The Irish visitors had taken an early lead when hooker Damien Varley crossed over to score but three penalties from stand-off Finn Russell had the hosts in front at half-time.
Gordon Reid - a first-half replacement for the injured prop Ryan Grant - then put the Warriors even further ahead with a touchdown just after the restart.
But Sean Dougall's 51st-minute try and a penalty from Ian Keatley made for a nervy last half hour.
Gregor Townsend's men, though, showed resilience to set up a clash with either Leinster or Ulster in the final on May 31.
Played out in front of a record 10,000-strong crowd, it was Glasgow's fourth Pro12 semi-final but first held on home soil.
Having lost their three previous last-four contests, there was an air of expectancy amongst the Warriors faithful and their side did not disappoint.
On the back of eight successive wins, the Scots were confident - so confident in fact that Townsend decided he did not need his two best players, Stuart Hogg and Duncan Weir.
Scotland full-back Hogg has hardly played hardly since he was sent off against Wales in March through a combination of a three-week ban and hamstring troubles.
Weir's form, meanwhile, has been erratic - but even so, dropping both was a bold move by the head coach.
Munster, by contrast, had struggled to reignite their season since Toulon ended their Heineken Cup ambitions in the semis three weeks ago.
But Rob Penney put his faith in the same side defeated 24-16 in Marseille for their trip across the Irish Sea.
Most of the crowd, though, missed his team take the lead after 10 minutes as Glasgow centre Alex Dunbar and the Limerick side's wing Keith Earls exchanged punches off the ball.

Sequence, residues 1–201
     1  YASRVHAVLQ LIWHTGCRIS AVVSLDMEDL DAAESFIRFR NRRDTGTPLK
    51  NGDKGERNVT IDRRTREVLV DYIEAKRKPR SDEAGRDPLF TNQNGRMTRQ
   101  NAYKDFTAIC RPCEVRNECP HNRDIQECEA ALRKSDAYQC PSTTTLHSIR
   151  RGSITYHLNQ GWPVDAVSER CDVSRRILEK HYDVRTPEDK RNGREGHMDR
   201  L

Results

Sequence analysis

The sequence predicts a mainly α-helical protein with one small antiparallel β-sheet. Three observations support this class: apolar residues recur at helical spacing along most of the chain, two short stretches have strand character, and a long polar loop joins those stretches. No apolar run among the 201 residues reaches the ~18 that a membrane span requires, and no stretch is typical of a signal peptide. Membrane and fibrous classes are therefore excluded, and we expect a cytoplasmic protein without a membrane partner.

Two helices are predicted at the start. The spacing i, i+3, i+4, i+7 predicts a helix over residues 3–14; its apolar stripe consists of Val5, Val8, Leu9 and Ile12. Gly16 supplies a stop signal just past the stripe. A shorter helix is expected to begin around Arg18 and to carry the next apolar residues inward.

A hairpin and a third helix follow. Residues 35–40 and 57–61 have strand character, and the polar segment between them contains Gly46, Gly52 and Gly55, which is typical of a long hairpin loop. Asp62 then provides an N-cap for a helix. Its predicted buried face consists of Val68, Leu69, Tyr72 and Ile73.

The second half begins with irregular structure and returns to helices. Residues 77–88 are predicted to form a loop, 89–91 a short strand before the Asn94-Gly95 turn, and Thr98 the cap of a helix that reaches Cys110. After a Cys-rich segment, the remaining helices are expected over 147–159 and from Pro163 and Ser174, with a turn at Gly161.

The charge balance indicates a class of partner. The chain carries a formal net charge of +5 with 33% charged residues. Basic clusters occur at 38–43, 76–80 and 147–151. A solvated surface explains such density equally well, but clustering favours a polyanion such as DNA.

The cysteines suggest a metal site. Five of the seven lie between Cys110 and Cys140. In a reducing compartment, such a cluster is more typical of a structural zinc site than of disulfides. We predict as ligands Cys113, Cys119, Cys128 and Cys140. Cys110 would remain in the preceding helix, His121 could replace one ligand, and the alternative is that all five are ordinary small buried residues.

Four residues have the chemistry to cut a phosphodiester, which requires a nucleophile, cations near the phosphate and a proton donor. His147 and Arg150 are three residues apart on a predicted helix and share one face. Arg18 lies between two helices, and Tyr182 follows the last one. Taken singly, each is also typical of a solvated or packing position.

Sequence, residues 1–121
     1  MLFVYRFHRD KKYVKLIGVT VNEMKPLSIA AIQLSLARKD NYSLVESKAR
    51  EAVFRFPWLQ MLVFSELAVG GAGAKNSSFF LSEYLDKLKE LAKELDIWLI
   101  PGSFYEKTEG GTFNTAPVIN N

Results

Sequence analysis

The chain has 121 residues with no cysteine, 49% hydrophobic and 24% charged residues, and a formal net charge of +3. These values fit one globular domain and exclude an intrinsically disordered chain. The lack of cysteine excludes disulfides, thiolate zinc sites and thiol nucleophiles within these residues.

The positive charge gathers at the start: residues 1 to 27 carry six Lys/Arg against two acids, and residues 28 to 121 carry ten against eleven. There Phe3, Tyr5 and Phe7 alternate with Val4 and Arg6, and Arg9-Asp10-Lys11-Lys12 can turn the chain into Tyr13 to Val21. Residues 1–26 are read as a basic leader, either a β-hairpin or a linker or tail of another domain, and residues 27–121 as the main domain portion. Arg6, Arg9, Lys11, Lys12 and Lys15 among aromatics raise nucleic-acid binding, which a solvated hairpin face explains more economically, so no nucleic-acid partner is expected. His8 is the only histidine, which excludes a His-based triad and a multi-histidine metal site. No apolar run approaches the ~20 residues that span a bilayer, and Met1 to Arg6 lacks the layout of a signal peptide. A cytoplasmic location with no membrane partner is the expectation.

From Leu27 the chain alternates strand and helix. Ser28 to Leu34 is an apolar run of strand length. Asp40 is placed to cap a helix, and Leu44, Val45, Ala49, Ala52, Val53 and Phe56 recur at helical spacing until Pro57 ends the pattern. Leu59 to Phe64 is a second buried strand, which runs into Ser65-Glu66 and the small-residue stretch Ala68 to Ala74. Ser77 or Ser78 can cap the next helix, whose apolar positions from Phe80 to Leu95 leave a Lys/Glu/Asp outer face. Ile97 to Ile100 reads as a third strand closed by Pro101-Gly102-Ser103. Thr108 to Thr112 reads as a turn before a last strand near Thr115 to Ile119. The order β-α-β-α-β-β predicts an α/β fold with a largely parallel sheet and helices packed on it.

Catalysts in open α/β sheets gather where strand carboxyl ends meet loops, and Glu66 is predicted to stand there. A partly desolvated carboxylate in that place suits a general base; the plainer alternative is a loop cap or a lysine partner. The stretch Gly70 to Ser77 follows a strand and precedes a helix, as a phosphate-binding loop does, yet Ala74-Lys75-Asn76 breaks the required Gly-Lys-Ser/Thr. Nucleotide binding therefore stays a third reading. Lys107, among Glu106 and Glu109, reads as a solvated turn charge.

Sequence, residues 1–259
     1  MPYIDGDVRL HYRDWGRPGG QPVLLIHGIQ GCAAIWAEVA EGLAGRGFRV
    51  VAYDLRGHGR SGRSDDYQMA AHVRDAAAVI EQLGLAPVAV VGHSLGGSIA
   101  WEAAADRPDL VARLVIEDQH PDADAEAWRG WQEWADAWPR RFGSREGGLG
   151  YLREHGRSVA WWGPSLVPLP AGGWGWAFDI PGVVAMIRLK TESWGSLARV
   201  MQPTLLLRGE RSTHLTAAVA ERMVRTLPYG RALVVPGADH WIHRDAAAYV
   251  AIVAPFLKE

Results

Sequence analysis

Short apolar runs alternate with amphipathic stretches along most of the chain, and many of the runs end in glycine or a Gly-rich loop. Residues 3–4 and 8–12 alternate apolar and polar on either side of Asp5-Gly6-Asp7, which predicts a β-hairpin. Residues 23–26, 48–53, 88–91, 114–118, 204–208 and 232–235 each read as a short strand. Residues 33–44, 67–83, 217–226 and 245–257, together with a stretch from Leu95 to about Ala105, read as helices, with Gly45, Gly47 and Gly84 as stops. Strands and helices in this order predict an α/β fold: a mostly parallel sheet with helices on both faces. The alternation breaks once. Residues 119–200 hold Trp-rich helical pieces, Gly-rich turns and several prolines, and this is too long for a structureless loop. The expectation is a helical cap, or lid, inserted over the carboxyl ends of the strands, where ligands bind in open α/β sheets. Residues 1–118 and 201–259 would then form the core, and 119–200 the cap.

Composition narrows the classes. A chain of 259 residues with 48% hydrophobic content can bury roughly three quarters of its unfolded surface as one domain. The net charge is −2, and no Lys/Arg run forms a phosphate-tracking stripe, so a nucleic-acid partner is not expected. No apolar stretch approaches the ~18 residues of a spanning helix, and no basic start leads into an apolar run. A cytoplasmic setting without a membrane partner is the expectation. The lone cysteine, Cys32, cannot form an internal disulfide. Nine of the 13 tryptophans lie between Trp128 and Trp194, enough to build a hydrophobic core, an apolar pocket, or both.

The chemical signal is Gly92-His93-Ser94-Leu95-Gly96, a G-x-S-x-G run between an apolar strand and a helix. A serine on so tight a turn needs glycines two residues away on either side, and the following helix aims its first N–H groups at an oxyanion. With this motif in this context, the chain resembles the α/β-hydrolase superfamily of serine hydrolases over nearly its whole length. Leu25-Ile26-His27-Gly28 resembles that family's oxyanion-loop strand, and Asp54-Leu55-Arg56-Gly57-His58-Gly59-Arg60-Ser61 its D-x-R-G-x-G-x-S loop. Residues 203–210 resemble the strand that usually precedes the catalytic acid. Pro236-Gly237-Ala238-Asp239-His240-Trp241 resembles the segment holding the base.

Strangely, both men escaped punishment but their dust-up was enough to distract those watching while Varley just about grounded the ball after a strong drive by the visitors' pack.
The TMO had to be called in to sanction the score before Keatley added the extras.
It was not the start the hosts had been looking for but after missing his first penalty attempt, Russell nailed the next to get Glasgow off the mark.
There was a scare for the Scots when Italian referee Marius Mitrea was forced to go upstairs again on the half-hour mark after Simon Zebo crashed towards the line just as Rob Harley looked to have held him up. This time the TV judge did not see enough of the whitewash to give the try.
And with that let off, another two successful penalties from Russell ensured Glasgow nudged themselves ahead at the break.
Townsend's team came out fired up for the start of the second half and took just six minutes to extend their lead.
Munster made a mess of their own line-out and from the scrum that followed, Reid was the eventual benefactor as Glasgow remained calm with the line in sight.
Russell converted but the nine-point lead was soon trimmed back to just four as Dougall dived over for an unconverted score after the Scots had allowed Munster to work the ball from one flank to the other far too easily after a line-out.
But when Leone Nakarawa was penalised for failing to release, Keatley drove a firm kick through the posts to leave the game on a knife-edge with just 15 minutes remaining.
Some of Mitrea's calls were infuriating for the home crowd but substitute scrum-half Niko Matawalu soon had them cheering with a couple of daring runs to take the pressure off his creaking defence.
But that was nothing compared to the roar that followed when Tommy Seymour intercepted JJ Hanrahan's pass to drive Munster back 40 yards with a minute-and-a-half remaining.
The wing was pegged back before he could finish off the Irish but it was enough to set-up Glasgow's date with destiny in a fortnight.